Russia’s nuclear weapons threat raises Western fears
Russia’s violent invasion of Ukraine has upped Western fears of a potential nuclear conflict.
Russian President Vladimir Putin on Sunday ordered his country’s deterrence forces, including nuclear weapons, be put on higher alert, citing so-called threats from the West as Moscow continues to push into Ukraine.
A senior United States defense official said on Sunday of Putin’s order, “It’s clearly, essentially, putting in play forces that, if there’s a miscalculation, could make things much, much more dangerous.”
The official also told reporters the U.S. has “no reason” to doubt Putin’s new order, which they called “unnecessary” and “escalatory.”
Putin flouted Moscow’s nuclear might as he launched an attack on Ukraine ob Thursday, warning in a speech that countries that interfere with Russian actions will face “consequences you have never seen.”
That threat sparked concerns that an emboldened Russia may be willing to use nuclear weapons should the situation escalate. Such a move could quickly pull the U.S. into the conflict and end up pitting the two largest nuclear-armed states against each other, experts say.
“The Russian government’s decision to send troops into Ukraine threatens to spiral into wider conflict with unpredictable and far-reaching results,” Derek Johnson, a leader of the international nuclear abolition group Global Zero, said in a statement.
“The greatest risk of nuclear use today comes from unplanned or unexpected escalation from a conventional conflict. With NATO and Russian forces operating in close proximity, the threat of one mistake, misinterpretation, or miscalculation during a close encounter or military exercise increases the risk of escalation to direct conflict and potential nuclear use,” Johnson continued.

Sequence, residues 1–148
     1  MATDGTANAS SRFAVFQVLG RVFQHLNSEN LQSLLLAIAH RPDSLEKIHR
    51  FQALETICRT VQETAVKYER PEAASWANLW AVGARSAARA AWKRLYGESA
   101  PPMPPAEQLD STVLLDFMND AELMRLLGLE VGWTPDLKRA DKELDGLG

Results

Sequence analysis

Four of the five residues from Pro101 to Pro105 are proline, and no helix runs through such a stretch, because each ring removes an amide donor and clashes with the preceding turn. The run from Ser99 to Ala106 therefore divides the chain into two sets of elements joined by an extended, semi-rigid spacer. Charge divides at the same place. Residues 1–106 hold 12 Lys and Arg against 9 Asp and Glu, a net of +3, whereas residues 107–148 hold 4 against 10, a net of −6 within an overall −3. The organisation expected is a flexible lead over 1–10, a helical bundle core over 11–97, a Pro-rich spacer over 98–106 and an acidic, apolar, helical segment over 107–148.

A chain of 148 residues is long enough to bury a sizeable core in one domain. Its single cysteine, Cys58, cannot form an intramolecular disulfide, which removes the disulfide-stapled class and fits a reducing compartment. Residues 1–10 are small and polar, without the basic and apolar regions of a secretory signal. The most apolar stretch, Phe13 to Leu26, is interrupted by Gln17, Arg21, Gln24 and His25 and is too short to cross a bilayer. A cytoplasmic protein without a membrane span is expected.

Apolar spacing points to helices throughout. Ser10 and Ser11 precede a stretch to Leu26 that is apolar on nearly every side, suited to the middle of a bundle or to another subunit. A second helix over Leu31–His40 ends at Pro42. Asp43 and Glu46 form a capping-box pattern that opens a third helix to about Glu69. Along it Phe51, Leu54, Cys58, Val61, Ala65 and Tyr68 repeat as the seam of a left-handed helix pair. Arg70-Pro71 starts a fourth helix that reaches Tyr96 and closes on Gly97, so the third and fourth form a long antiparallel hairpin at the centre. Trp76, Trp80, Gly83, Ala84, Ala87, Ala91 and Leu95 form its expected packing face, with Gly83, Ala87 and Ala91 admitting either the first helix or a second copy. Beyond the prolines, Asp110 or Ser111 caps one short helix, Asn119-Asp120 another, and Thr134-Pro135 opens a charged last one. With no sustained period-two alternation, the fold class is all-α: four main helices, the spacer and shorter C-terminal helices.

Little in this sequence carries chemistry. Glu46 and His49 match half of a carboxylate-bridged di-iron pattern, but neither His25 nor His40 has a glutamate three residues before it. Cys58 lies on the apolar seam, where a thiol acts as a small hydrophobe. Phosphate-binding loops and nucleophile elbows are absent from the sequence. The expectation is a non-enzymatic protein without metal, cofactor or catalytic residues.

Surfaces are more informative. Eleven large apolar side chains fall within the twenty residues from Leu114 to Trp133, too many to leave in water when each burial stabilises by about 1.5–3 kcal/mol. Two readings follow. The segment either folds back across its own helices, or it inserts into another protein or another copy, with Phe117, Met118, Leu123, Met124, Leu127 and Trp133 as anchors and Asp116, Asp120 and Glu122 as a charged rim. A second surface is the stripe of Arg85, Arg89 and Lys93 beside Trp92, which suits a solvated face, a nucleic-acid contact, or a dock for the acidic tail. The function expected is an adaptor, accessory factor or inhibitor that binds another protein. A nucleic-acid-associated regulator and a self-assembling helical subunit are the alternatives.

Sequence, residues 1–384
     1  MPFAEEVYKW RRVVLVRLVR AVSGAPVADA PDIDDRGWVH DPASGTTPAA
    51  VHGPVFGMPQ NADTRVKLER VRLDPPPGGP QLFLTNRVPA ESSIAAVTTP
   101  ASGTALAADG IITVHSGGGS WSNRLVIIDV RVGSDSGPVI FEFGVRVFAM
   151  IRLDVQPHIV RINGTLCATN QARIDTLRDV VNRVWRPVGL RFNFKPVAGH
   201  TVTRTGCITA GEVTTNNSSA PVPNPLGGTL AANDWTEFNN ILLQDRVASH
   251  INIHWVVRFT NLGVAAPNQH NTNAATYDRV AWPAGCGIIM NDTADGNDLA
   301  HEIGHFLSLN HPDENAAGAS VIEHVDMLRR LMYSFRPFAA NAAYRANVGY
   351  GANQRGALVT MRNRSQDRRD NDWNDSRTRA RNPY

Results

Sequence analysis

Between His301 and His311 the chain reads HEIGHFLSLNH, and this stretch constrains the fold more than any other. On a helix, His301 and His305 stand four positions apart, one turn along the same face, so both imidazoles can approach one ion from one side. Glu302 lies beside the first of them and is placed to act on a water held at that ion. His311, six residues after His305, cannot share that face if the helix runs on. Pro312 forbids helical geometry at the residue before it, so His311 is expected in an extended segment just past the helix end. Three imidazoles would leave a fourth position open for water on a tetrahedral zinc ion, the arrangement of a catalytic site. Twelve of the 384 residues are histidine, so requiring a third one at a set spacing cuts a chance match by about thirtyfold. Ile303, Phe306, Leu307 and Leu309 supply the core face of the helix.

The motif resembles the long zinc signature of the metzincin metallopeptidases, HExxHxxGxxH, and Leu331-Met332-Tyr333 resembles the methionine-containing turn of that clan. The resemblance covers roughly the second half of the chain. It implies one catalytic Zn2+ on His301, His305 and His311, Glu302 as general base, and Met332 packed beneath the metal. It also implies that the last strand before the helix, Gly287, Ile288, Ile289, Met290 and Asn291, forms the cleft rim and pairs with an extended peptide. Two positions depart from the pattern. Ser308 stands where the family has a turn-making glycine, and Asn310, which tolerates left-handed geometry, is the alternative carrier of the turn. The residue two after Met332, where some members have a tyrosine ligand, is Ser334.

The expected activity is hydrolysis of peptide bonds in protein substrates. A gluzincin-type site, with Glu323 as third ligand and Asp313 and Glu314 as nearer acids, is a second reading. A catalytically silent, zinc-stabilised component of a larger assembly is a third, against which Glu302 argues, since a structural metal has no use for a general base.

While the U.S. and Russia are not in direct conflict — President Biden has insisted that no U.S. forces will fight in Ukraine — the administration has ordered more than 14,000 American troops to locations in Europe in the event of a spillover into neighboring alliance counties.
NATO has also, for the first time in history, activated its response force, which is comprised of around 40,000 multinational land, air, maritime and special operations personnel the alliance can deploy on short notice as needed.
NATO Secretary-General Jens Stoltenberg on Sunday said that Putin’s order to place Russia’s nuclear arms on high alert is part of a “dangerous rhetoric” and is exactly why the alliance has moved to bolster its defenses.
“If you combine this rhetoric with what they’re doing on the ground in Ukraine, waging war against an independent sovereign nation, conducting a fully fledged invasion of Ukraine, this adds to the seriousness of the situation,” Stoltenberg told CNN’s Dana Bash.
But Putin, who views Ukraine as a breakaway state that should fall under Moscow’s control, has made stark warnings to any country that moves to step in and join the conflict.
“Whoever tries to hinder us, and even more so, to create threats to our country, to our people, should know that Russia’s response will be immediate. And it will lead you to such consequences that you have never encountered in your history,” Putin said Thursday.
“Even after the dissolution of the USSR and losing a considerable part of its capabilities, today’s Russia remains one of the most powerful nuclear states. Moreover, it has a certain advantage in several cutting-edge weapons,” Putin continued.